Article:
NPO publishes blog articles to inform and to stimulate conversation about issues of importance to NPO's mission.  All blog articles express the opinions of the authors as individuals and do not necessarily reflect the views of National Parents Organization, its Board of Directors, or its executives.  

May 30, 2019 by Robert Franklin, Member, National Board of Directors, National Parents Organization

Just three years after his appointment, Hank Whitman is stepping down as Texas’ Commissioner of the Department of Family and Protective Services (Texas Tribune, 5/28/19).  The DFPS oversees Child Protective Services in the state.

Whitman’s appointment raised eyebrows back in April of 2016 because the man has a law-enforcement background with the Texas Rangers.  What that had to do with children’s welfare, the foster care system, cases-to-caseworkers ratios, etc. few people could figure out, myself included.  Still, on the face of it at least, Whitman’s done what was needed.  My guess is that he’s happy to be returning to law enforcement, but today, three years later, CPS is in much better shape than it was when he arrived.
Whitman will perhaps best be remembered as an outsider with little experience in social services who shepherded the child welfare agency through a period of crisis by advocating fiercely at the Texas Capitol for pay raises for his frontline staff.
“We strengthened investigations by building expertise, improving processes and streamlining management,” he said in the announcement video. “We worked for well deserved pay raises for program staff to help reduce turnover and caseloads. And we made significant progress on many other fronts.”
That’s all to the good of course, but giving Whitman the credit might be considered, shall we say, generous.  The reality is that, when he took over at the DFPS, the Lone Star State couldn’t reasonably have done anything else but provide large amounts of additional funding to salvage a child welfare agency that could charitably have been called dysfunctional.

After all, how much horrible press can one agency stand before something gives?  The regular drumbeat of children, known by CPS to be at risk, dying due to lack of attention from CPS alternated with reports of caseworkers carrying up to 70 cases, some five times the industry standard.  Then there was the scathing report of an audit of CPS that painted a gruesome picture of caseworkers leaving the agency as soon as they could for better jobs and better pay, paperwork obligations that kept those caseworkers in the office and away from the children they were supposed to be protecting and procedural manuals that ran to thousands of pages and often contradicted each other.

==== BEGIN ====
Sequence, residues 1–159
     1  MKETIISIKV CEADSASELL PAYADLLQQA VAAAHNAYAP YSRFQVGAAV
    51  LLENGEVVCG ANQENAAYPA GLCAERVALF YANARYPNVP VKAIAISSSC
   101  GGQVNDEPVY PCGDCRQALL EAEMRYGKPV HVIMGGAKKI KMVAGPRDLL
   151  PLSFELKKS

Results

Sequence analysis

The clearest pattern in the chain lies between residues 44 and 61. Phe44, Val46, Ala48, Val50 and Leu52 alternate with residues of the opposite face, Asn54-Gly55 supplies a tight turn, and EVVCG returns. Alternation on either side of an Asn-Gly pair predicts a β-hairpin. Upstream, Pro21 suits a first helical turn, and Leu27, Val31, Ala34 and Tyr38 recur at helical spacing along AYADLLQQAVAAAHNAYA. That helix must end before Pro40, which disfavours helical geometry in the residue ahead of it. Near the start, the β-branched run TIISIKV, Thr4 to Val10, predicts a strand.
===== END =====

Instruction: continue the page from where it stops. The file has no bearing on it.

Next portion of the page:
No one reading the news about Texas DFPS could have failed to get the message that the state was trying to do child protection on the cheap and children were suffering the consequences - all too often, the ultimate consequence.

Then came Federal Judge Janis Jack’s findings in a class action suit against the DFPS that revealed a system that turned out kids at age 18 in worse condition emotionally and physically than when they’d entered. Anyone with an understanding of recent Texas history knew that could mean the takeover of the child welfare system by a federal judge-appointed special master. That had happened back in the 70s when Federal Judge William Wayne Justice took over the operations of the Texas Department of Corrections to prevent the ongoing civil rights violations that were a daily part of prison life there.

In short, the governor and the legislature had read the writing on the wall before Hank Whitman took the oath of office.  Casper Milquetoast could have been appointed commissioner and the same thing – massive additional funding - would have happened.  Or so I strongly suspect.

I don’t begrudge Whitman’s taking credit for improving the agency.  After all, it was done on his “watch.”  Still, there was always a distinct air of inevitability in the proceedings.

What I question though is the timing of his departure.  Three years was barely enough time for him to dip his toe in the chilly water of the Texas child welfare system, particularly given that he had so little background in the applicable issues.  So why jump ship now?

Yes, Whitman’s first allegiance is surely law-enforcement and maybe he’s just getting back to what he knows best.  Or maybe he sees that Texas has done all it’s going to do for the time about cleaning up the horrendous mess that was CPS.  Do lawmakers figure that the crisis has been averted and plan to scale back funding again?  Do they count on privatization of the system to solve all problems?

Did Hank Whitman find himself on a wild horse he couldn’t ride?

We’ll see soon enough.

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